March 26, 2020 - e-flux - e-flux reader: Closeness
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March 26, 2020

e-flux

Photo: Noah’s Ark Animal Sanctuary.

e-flux reader: Closeness

www.e-flux.com/journal/

Dear friends,

With the ever-evolving situation here on earth, there’s already an almost unrecognizable distance between last week and this week.

Last Thursday, the editors of e-flux journal sent out the first thematic collection of essays from the journal's archive—a reader on contagion. Today, a reader-submitted e-flux reader brings us closeness.

We are we are thrilled at the profound collections coming in from our readers, and we hope there are many more to come.

As of today, there are over 1,300 essays contained in 108 issues of e-flux journal. All are freely available online here. There are infinite ways in which these essays can be grouped—both in relation to what we are all dealing with now, and crucially, imagining what is on the other side of the pandemic.

Ideally your suggested reader includes a title, a short abstract (100 words), and links to 8–9 e-flux journal texts.

Please continue to send suggestions to the following inbox: reader@e-flux.com.


Reader 2: Closeness
The COVID-19 pandemic forces the human animal to practice isolation. In proximity, our bodies expose one another to the chance of perishing. To stay together, we must now remain apart. We will, to be sure, meet again. But what will closeness, relation, and community mean to us then? What, we begin to wonder, did they ever mean? As we distance ourselves from the social, perhaps we gain an opportunity to find out.

Let the following selection from the e-flux journal archive be a starting point for discussion.

—Lilly Markaki, PhD Candidate in Media Arts, Royal Holloway, University of London

Irmgard Emmelhainz—Shattering and Healing
Issue #96—January 2019

When I think about what it would mean to learn to live with our own fragmentation and shattering, I am reminded of a recipe for repairing that I heard once: when a tool is damaged to the point that it can no longer be used, it needs to burn red-hot and then be smoothed out so the damaged part can be removed by submerging it in water. This water can be drunk—you should actually drink the story of the damage and repair it; if you have faith, you can even heal the source of the damage. Afterward, you can give the broken part a new function or purpose. While this recipe is for repairing iron tools, healing by “drinking the story” and repurposing the damaged part might also work as a strategy for embracing our own shattering. Through a sort of cathartic separation from the damaged part, we can cleanse ourselves and then commune with the remains.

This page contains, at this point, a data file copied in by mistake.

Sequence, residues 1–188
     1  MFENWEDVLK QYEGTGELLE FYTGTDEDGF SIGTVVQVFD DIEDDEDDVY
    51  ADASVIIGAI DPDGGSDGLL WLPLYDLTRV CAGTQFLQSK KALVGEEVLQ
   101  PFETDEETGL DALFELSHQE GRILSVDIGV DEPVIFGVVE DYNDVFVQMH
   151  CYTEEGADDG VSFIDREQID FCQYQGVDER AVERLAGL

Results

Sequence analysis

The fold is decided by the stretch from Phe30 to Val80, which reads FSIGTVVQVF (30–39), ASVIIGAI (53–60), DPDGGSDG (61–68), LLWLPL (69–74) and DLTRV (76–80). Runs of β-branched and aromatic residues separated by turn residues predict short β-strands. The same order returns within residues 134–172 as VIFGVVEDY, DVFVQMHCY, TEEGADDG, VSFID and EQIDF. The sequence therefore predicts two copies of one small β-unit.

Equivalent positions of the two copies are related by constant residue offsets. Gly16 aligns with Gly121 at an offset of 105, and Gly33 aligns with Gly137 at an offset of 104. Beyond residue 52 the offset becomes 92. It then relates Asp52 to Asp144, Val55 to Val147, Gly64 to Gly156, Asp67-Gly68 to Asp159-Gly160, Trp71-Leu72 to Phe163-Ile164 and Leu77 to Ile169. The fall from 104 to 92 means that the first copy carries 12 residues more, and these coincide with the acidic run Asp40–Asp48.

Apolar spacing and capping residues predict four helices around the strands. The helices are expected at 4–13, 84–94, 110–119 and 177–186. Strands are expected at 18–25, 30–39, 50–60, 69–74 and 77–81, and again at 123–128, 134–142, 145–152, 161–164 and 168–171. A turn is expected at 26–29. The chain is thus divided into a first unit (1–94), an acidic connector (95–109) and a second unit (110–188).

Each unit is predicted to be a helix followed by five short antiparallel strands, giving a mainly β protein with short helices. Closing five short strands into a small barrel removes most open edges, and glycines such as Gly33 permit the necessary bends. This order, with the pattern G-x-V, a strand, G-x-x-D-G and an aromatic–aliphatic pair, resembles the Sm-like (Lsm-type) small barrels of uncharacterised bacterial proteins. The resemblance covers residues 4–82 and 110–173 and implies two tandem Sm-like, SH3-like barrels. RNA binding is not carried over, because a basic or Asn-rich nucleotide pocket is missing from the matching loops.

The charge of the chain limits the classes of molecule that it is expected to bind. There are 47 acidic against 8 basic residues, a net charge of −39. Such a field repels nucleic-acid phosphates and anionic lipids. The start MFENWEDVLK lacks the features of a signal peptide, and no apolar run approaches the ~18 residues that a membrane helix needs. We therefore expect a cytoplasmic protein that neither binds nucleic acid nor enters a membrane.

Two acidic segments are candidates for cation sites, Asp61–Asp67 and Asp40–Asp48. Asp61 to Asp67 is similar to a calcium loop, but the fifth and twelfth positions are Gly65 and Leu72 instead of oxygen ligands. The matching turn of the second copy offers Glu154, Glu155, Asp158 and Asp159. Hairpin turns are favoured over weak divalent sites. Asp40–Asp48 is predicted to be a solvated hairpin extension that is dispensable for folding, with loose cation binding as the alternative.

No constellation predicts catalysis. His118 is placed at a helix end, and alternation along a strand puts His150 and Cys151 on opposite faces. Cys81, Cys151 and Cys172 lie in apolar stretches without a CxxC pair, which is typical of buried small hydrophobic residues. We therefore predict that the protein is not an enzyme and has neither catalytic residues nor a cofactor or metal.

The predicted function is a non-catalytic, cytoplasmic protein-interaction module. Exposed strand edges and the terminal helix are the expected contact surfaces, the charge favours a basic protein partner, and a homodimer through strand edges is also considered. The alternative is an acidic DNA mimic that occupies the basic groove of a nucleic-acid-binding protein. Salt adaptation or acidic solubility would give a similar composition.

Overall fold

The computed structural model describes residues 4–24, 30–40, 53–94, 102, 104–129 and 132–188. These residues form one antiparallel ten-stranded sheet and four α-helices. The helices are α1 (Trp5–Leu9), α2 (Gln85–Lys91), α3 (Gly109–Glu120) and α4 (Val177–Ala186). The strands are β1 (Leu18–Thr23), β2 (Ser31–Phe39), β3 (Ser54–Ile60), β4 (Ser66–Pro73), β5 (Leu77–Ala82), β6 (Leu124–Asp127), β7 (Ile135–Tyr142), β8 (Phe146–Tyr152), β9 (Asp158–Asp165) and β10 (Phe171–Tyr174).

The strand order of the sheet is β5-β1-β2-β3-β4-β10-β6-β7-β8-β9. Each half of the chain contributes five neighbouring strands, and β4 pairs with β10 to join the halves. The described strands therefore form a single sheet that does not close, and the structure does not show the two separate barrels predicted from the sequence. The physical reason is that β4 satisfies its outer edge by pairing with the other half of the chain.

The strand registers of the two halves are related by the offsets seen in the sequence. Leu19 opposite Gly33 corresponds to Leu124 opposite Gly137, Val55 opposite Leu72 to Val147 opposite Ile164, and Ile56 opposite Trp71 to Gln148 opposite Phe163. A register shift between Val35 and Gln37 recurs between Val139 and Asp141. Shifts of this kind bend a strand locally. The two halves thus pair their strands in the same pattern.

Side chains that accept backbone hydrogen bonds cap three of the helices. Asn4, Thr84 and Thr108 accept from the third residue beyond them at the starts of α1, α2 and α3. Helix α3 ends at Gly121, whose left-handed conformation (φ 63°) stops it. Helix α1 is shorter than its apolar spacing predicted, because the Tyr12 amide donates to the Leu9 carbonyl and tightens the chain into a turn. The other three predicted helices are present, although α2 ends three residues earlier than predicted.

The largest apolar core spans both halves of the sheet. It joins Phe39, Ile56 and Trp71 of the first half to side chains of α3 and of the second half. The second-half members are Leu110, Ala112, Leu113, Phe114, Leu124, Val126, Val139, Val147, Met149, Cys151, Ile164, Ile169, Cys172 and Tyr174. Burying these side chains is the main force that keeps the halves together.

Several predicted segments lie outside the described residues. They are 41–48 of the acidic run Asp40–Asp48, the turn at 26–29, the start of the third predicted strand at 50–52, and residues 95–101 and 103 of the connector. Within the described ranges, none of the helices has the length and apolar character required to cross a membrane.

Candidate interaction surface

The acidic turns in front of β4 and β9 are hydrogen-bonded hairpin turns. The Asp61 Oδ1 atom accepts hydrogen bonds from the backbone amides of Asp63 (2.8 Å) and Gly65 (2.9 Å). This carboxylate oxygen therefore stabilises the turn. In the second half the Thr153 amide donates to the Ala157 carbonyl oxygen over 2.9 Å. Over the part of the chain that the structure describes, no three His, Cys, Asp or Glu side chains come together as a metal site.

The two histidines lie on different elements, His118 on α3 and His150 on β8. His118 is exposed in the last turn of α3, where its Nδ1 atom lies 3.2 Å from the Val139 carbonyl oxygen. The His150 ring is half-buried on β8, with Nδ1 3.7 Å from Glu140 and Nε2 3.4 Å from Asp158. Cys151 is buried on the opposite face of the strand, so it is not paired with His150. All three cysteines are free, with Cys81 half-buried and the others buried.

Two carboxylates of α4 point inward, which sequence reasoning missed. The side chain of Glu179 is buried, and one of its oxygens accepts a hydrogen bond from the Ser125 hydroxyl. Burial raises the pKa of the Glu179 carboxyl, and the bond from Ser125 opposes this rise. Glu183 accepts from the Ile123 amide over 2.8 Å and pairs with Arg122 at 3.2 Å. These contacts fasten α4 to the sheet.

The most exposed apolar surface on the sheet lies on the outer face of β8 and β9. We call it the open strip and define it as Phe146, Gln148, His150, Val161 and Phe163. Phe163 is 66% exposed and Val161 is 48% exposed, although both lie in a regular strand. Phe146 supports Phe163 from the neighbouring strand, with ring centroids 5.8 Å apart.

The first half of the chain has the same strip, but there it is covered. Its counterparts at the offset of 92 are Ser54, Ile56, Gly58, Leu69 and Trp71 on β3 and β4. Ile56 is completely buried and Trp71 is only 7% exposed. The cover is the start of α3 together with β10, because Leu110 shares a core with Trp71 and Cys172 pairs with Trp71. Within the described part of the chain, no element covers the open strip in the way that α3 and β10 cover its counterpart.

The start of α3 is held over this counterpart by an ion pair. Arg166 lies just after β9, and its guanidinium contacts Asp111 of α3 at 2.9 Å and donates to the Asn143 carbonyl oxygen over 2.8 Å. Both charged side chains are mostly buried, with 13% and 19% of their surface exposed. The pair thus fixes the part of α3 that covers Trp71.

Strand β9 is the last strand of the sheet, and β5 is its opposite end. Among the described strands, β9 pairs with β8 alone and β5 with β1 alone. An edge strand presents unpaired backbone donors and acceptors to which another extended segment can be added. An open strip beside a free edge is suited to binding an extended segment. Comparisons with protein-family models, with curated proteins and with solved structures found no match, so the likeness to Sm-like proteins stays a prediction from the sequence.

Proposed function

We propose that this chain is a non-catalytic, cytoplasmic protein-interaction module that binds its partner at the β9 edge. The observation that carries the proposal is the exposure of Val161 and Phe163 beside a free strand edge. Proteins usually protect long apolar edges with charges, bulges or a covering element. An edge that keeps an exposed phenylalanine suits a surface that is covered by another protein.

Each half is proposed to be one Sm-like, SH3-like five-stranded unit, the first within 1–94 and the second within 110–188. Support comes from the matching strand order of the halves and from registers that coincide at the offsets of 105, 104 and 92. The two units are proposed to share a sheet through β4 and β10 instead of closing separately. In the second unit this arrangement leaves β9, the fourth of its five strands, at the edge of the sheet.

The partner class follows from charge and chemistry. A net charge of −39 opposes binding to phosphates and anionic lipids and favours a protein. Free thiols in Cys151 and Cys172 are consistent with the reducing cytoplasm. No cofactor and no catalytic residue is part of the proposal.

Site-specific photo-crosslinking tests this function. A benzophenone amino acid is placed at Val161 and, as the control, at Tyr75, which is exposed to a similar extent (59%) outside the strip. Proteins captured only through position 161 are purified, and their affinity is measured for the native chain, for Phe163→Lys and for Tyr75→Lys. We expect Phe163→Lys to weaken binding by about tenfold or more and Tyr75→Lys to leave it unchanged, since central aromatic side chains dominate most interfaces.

Mladen Dolar—One Divides into Two
Issue #33—March 2012

One divides into two, two doesn’t merge into one. This was an old Maoist slogan from the 1960s. Despite its air of universal truth it has become dated, and I fully realize the danger of appearing dated myself by starting in this way. Nowadays, one can recite this slogan in front of a class full of students and none will have ever heard it or have any inkling as to its bearing or its author—it’s almost like speaking Chinese. The slogan combines an ontological statement, a mathematical theorem, and a political battle-cry. So why does one split into two in mathematics, ontology, and politics? And why, once we arrive at two, can we never get back to the supposed unity of one?

Charles Tonderai Mudede—Black Mirror Body
Issue #80—March 2017

I propose that the human body always says this: make me equal to you. We are the equality-demanding animal. Confronted with our own kind, we insist on being recognized as equal. Resist this demand and instability will follow. Equality is a force. Remove this demand, and it becomes impossible to account for any and all of our definitive characteristics: language, cooperation, and above all, morality.

Tavi Meraud—Iridescence, Intimacies
Issue #61—“Politics of Shine,” edited with Tom Holert—January 2015

There are more pressing matters than this potentially touchy matter of pressing close. The following story isn’t so much an apology for intimacy or some kind of championing of it, but rather the modest suggestion that intimacy organizes our experience of space and especially of surfaces. As such, it is in fact not so trivial or delicate after all. These are notes towards a reconceptualization of intimacy in light of new ways in which we can think of the surface.

Ana Hoffner ex-Prvulovic—Non-Aligned Extinctions: Slavery, Neo-Orientalism, and Queerness
Issue #97—January 2019